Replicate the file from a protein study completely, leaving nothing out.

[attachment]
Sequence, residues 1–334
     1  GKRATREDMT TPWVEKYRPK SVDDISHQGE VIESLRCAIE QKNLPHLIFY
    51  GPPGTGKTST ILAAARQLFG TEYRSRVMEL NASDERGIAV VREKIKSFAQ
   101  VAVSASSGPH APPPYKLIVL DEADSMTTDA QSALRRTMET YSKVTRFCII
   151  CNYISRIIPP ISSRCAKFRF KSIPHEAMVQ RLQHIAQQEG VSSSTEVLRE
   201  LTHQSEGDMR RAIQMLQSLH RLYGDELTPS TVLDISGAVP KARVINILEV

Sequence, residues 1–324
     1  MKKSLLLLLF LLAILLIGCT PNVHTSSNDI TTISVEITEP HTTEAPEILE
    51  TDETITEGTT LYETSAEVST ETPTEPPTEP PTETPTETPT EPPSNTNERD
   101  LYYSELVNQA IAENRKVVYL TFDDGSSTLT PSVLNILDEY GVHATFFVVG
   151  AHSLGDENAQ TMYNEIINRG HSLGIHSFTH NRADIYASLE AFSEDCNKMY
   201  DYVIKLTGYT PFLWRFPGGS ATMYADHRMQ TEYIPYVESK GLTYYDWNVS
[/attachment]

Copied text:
Sequence, residues 1–334
     1  GKRATREDMT TPWVEKYRPK SVDDISHQGE VIESLRCAIE QKNLPHLIFY
    51  GPPGTGKTST ILAAARQLFG TEYRSRVMEL NASDERGIAV VREKIKSFAQ
   101  VAVSASSGPH APPPYKLIVL DEADSMTTDA QSALRRTMET YSKVTRFCII
   151  CNYISRIIPP ISSRCAKFRF KSIPHEAMVQ RLQHIAQQEG VSSSTEVLRE
   201  LTHQSEGDMR RAIQMLQSLH RLYGDELTPS TVLDISGAVP KARVINILEV

Sequence, residues 1–324
     1  MKKSLLLLLF LLAILLIGCT PNVHTSSNDI TTISVEITEP HTTEAPEILE
    51  TDETITEGTT LYETSAEVST ETPTEPPTEP PTETPTETPT EPPSNTNERD
   101  LYYSELVNQA IAENRKVVYL TFDDGSSTLT PSVLNILDEY GVHATFFVVG
   151  AHSLGDENAQ TMYNEIINRG HSLGIHSFTH NRADIYASLE AFSEDCNKMY
   201  DYVIKLTGYT PFLWRFPGGS ATMYADHRMQ TEYIPYVESK GLTYYDWNVS